The Classical Station’s interview with Bion Tsang for Preview!

Interview with Bion Tsang
by Bethany Tillerson (Perfecto Creative and Sarah Wilson)

Internationally-recognized cellist Bion Tsang appears on this week’s Preview! program to speak with our Music Director, Caleb Gardner. They discuss Cantabile, Tsang’s compilation of Tchaikovsky’s Variations on a Rococo Theme and Schumann’s Concerto in A Minor, a collaboration with Scott Yoo (the subject of last week’s Preview!) and the Royal Scottish National Orchestra.

GARDNER: For an artist who’s now in demand across a wide range of platforms–studio recordings, live performance, television, multimedia–how does your preparation change as a performer depending upon the medium that you’re working in?

TSANG: On the one hand it’s the same, in the sense that I don’t think my standards change. Once I move out of what I might consider to be my normal comfort zone, which would be chamber music recitals or concerto repertoire, then there’s extra anxiety and therefore more preparation. Something that comes to mind immediately is when I had to play with Conspirare on their PBS special. One of the pieces we played was Gabriel’s Oboe, which is not that hard to play, but I was thinking to myself that this was going to be on national television and I had one shot. At the first rehearsal, they were getting ready to do it all from memory, so I had to do the same. 

The preparation does definitely vary from event to event. I recently did a U.S. premiere of a piano trio by John Novacek, a friend of mine; part of his background comes from jazz, and a lot of his music is like that. I’m not good with that, so when I prepared for the premiere of this piano trio, I immediately recognized all this jazz and realized how woefully underprepared I was. I spent so many hours preparing for it, and it’s there on YouTube for everyone to see for themselves whether or not it came off well. 

GARDNER: Being an artist and especially a classical musician is a very solitary approach no matter how you look at it. How does interfacing with the public or the press affect not just how you prepare but how you think about being an artist? When you become a public figure in demand, the audience wants to see a certain side of you that’s not the same side as being in a practice room for hours a day. Has that changed the way you think about being a cello player? 

TSANG: I don’t think it has. I’ve been teaching at UT for 21 years and I talk about this a lot with my students. From the very moment that I start learning a piece, I’m always thinking about the other side–what do I want to say to my audience, and how am I going to say it? It’s always about that performance and reaching somebody on the other side. I don’t think that’s really changed. I also tell my students that you have to figure out who you are as an artist and just be true to yourself. And maybe your tastes change. Certainly my tastes have changed over the years, and my views on things are constantly changing. A lot of that is a result of working with a new set of students every year. They bring the same stuff to you with a new perspective. 

GARDNER: How do you balance your time as a performer, teacher, and father? 

TSANG: That’s the eternal struggle, finding that right balance of family and work. And I always feel like I’m not spending enough time with family, and that extends to my students because to me my students are like my family. With them it’s a little easier to say that I’m never going to be away more than a week at a time. Thankfully in many of my trips, I can squeeze in the travel towards the end of the weekend and squeeze in teaching in the beginning of the week. My travel schedule is completely dependent upon my teaching schedule, and I do make it a point to be there for my students.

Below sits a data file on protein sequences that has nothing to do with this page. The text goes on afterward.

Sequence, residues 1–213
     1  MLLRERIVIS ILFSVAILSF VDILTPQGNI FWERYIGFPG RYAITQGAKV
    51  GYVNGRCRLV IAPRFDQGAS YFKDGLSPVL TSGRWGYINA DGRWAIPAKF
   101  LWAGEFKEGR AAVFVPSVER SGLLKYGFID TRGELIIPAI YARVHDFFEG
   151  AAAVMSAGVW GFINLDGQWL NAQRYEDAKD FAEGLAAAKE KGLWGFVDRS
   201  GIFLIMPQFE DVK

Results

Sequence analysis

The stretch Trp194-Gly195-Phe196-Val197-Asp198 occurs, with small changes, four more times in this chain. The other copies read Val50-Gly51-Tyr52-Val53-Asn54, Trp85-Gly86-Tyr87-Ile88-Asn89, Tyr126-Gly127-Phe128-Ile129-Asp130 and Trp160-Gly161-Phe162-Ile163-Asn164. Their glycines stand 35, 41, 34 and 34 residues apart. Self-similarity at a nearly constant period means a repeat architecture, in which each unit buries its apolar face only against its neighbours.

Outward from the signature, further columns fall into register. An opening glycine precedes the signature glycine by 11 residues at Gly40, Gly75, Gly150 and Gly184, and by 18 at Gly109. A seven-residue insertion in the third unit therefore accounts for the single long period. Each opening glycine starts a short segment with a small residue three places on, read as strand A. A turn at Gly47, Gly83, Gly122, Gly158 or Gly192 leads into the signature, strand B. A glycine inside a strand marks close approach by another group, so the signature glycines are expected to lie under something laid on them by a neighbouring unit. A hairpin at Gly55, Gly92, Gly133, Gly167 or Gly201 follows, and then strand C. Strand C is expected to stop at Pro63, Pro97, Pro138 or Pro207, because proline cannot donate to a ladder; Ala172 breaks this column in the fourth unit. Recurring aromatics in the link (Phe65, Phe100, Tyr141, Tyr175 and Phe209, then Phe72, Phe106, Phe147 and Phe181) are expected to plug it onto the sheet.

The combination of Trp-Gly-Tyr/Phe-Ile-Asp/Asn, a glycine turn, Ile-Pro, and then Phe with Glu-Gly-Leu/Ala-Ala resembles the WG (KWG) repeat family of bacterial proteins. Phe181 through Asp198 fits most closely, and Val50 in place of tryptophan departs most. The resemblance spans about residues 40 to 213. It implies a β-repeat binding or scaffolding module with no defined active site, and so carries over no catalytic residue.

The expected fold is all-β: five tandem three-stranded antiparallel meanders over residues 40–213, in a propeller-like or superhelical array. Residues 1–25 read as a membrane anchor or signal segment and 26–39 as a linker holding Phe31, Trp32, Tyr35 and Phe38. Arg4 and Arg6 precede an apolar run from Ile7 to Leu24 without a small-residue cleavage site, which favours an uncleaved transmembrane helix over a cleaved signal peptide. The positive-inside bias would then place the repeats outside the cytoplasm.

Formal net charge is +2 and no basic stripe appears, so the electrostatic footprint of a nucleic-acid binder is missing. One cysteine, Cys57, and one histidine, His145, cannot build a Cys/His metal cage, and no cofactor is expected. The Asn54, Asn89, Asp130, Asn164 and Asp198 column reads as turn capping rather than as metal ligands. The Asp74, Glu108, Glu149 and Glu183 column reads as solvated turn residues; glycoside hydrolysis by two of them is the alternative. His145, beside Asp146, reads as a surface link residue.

GARDNER: Some artists and performers are drawn to teaching and some are not. For you, what’s the special appeal of working with students there at UT? 

TSANG: You think you’ve answered every question about a piece, and then, lo and behold, a student comes in and brings a fresh perspective. I love working with students on that process of discovery. There’s an immense feeling of satisfaction when you see progress, but I find that it makes me better as a musician and player.

GARDNER: Cantabile is the second major recording with Scott Yoo and the Royal Scottish Orchestra. What was it about that relationship that made you want to return? 

TSANG: Part of it was just that it had to be. The Tchaikovsky originally was going to be on the same disc as the first pairing, the Dvorak and the Enescu, but it wouldn’t fit; it’s more than 75 minutes of music. All along I had the idea that I wanted to go back anyway because I really enjoyed Scotland and I really enjoyed working with that orchestra.

It was just a natural fit; I had the Tchaikovsky, I needed to fill out a second disc, what was I going to put with it? So that’s how it came to be. 

GARDNER: Schumann’s Concerto in A Minor is a very special work. For our listeners, can you zoom in into the concept and the presentation of your new recording?

TSANG: Because I started with Tchaikovsky’s Variations on a Rococo Theme, a big part of my decision was the various associations I have with that piece. That was one of my dad’s favorite pieces. Despite not being a musician, he always wanted to be a singer, so there was that natural progression of thinking, what can I pair with Tchaikovsky that might have to do with singing? And so Schumann came to mind. When I decided to feature Schumann, I figured that’s the heftier piece, so it should end up being the centerpiece of the album. The album also has this mirror image idea, starting with Pablo Casals’s ‘El cant dels ocells’ and ending with a different version of the same piece. 

Join us for Scott Yoo’s interview on Sunday, July 16th, at 7 p.m. Listen on, on 89.7 FM, or on our app!